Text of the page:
Hollande reacted furiously to the allegation — backed up by photos reportedly showing the president entering the flat of actress Julie Gayet — but did not deny it, threatening legal action over what he called an attack on his right to privacy.
Closer's Friday edition carried a seven-page report on the 59-year-old president's alleged infidelity under the headline "Francois Hollande and Julie Gayet – the president's secret love".
"It's a real passion that has… turned their lives upside down and makes them take insane risks," the magazine wrote.
To back up its claims, the magazine printed photos of Gayet, 41, arriving at a flat in an upmarket part of Paris on December 30, not far from the Elysee palace where Hollande lives.
Half-an-hour later, a man whom they identify as Hollande's bodyguard inspects the hallway of the apartment block before the arrival of a scooter with two helmeted men on board, one of whom they say is Hollande — although his face is never revealed.
The alleged bodyguard, however, does show his face and is identified as part of Hollande's official security detail.
The next day, according to the photos, the alleged bodyguard arrives at the flat around 8am with a small bag that Closer says contains croissants.
Three hours later, a helmeted man is pictured mounting a chauffeur-driven scooter under the eyes of the alleged bodyguard.
Speaking in a personal capacity, Hollande slammed the report as an attack on the right to privacy, to which he "like every other citizen has a right".
The president, in a statement released to AFP, said he was "looking into possible action, including legal action," against the weekly magazine. But he did not deny the allegations.
France's political elite also backed the president.
“The President of France François Hollande, as a citizen, has asked for respect of his private life,” Prime Minister Jean-Marc Ayrault told French daily Le Parisien. “He is absolutely right and I have nothing to add to his statement.”
French Transportation Minister Frédéric Cuvillier also gave a full throated support of Hollande’s privacy when asked about the scandal in radio station RTL.
“Why would I want to a waste my time commenting on that type of information, if you can call it that,” he said. “I know that I’m the minister of transportation, but spare me this type of question.”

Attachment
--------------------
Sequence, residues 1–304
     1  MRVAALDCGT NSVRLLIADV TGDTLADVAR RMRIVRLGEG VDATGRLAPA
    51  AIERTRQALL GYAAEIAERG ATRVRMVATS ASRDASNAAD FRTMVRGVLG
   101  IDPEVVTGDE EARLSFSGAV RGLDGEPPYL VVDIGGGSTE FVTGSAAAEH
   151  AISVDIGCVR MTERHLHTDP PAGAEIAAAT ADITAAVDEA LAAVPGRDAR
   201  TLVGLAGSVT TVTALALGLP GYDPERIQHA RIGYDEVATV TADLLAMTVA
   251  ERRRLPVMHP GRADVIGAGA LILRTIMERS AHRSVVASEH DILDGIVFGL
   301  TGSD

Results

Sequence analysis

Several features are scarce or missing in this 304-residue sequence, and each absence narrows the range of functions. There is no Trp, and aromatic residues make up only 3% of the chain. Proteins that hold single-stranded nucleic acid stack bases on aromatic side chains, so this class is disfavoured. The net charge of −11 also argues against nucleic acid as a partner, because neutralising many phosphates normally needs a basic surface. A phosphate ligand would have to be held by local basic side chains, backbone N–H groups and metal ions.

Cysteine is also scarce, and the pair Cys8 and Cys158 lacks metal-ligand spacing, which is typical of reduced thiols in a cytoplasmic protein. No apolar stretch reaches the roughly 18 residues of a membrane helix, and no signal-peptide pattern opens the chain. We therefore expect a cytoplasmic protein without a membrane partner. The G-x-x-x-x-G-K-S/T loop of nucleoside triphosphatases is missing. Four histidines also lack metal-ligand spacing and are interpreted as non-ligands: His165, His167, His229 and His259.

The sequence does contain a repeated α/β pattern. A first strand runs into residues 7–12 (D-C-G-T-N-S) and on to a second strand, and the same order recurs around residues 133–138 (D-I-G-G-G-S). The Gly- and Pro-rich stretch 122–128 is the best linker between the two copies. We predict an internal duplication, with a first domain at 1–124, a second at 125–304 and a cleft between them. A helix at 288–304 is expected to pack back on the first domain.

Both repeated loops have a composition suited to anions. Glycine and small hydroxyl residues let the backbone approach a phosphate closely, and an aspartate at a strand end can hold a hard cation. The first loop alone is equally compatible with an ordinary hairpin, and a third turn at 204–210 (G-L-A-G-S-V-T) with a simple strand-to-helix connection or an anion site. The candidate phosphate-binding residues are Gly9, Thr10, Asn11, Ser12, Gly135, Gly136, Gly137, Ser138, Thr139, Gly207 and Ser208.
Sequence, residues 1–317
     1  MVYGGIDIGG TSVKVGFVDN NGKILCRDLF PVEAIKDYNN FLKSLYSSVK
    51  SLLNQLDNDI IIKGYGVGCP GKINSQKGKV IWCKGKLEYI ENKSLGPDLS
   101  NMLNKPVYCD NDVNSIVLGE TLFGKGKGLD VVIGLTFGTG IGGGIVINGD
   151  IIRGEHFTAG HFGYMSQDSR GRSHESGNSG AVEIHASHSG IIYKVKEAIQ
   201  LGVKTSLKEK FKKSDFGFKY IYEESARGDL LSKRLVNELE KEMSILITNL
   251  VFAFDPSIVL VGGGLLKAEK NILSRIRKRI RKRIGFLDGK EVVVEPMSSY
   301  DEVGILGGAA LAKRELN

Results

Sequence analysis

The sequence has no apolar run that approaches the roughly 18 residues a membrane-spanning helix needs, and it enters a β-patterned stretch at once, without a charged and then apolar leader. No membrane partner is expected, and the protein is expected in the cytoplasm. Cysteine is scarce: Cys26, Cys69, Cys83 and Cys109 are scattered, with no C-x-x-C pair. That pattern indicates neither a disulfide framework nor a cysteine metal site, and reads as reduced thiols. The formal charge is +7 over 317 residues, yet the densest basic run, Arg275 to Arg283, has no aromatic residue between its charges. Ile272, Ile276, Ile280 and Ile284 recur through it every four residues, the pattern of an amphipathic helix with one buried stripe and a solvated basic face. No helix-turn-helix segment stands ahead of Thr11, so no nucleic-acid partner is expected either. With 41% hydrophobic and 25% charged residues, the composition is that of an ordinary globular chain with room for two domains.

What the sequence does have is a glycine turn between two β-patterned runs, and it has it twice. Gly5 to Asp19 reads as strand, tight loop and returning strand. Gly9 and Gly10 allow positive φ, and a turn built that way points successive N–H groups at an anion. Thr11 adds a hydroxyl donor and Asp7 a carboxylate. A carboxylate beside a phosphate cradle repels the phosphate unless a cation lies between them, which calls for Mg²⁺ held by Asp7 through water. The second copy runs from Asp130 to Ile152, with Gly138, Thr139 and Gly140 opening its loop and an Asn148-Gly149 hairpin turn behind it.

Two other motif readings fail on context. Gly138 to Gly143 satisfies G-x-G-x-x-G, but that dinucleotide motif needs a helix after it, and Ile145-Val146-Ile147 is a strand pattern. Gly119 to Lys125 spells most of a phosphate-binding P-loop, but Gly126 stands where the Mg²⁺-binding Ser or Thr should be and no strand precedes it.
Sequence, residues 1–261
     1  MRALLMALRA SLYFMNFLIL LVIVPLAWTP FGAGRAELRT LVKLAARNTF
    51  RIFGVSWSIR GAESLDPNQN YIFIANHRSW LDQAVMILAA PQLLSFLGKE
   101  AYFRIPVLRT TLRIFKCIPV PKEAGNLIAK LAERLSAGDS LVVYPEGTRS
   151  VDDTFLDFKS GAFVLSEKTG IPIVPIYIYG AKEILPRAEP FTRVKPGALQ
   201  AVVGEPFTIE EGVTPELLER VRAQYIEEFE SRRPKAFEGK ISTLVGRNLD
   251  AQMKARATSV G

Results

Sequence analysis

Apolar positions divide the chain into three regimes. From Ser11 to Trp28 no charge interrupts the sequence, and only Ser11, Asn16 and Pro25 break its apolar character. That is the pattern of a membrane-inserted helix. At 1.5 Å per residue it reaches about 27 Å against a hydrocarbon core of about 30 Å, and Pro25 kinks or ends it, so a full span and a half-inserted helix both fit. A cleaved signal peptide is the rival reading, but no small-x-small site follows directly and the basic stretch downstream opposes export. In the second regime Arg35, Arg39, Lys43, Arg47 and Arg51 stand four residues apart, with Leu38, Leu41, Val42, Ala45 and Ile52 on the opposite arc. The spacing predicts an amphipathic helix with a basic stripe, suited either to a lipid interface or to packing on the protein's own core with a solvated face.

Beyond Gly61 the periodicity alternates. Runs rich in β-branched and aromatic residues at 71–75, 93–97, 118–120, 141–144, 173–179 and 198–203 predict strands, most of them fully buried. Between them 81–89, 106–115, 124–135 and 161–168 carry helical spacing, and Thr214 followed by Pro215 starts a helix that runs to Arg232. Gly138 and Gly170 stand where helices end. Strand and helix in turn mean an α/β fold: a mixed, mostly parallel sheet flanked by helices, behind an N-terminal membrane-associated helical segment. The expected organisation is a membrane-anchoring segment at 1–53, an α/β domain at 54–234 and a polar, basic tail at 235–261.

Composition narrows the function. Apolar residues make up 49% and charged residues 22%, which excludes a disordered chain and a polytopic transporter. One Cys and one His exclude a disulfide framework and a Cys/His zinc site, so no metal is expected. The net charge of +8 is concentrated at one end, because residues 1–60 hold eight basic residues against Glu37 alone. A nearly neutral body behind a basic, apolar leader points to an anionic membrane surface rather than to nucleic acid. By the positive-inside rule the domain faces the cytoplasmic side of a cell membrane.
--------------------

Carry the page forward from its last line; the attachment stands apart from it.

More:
Rumours that Hollande is having an affair with Gayet, a mother-of-two, have swirled for months
In December, French actor Stephane Guillon made innuendos on the subject during a talk show where he and Gayet were invited to promote a film in which they co-star.
When the host asked Gayet about her public support for Hollande, Guillon – sitting next to her – started laughing. Asked why, he stuttered and finally said: "He would come on set. The president likes the film, his wife much less.
Hollande lives with his partner Valerie Trierweiler, a journalist for whom he left fellow Socialist politician Segolene Royal, the mother of his four children.
But the two are not married, and Trierweiler — whom Hollande described as "the love of my life" in 2010 — is referred to in the American media as "the first girlfriend".
If confirmed, though, the liaison will raise considerable concerns for the security of the president.
Respected news weekly L'Express last month reported that the presidential palace's security services were increasingly worried by Hollande's frequent "escapades".
'President who has a crush'
Gayet is an established television and film actress who also appeared in one of Hollande's 2012 election campaign commercials, in which she described the then-candidate as "marvellous" but also "humble and a really good listener.
She filed a complaint in March over rumours of the affair which she said were a breach of privacy. Her lawyer said at the time there was no basis to
If confirmed, Hollande's relationship with Gayet would perpetuate a long French tradition of philandering presidents and senior politicians.
Former president Jacques Chirac is believed to have had many extra-marital conquests, as did his predecessor Francois Mitterrand, who even had a daughter born to a mistress.
Valery Giscard d'Estaing was also described as an incorrigible womaniser. He hinted in a recent book at an affair with Princess Diana.
France's media is subject to strict laws on privacy, and has in the past drawn a veil over rumours about the personal lives of the country's leaders.
However, the French are known for being tolerant of their leaders' infidelities, which have in the past proved to have little or no negative impact on popularity ratings.
Laurence Pieau, editor of Closer, told Europe 1 radio that Hollande was just a "normal president" — a term he himself has used to describe his presidency.
"He's a president who has a crush," she added.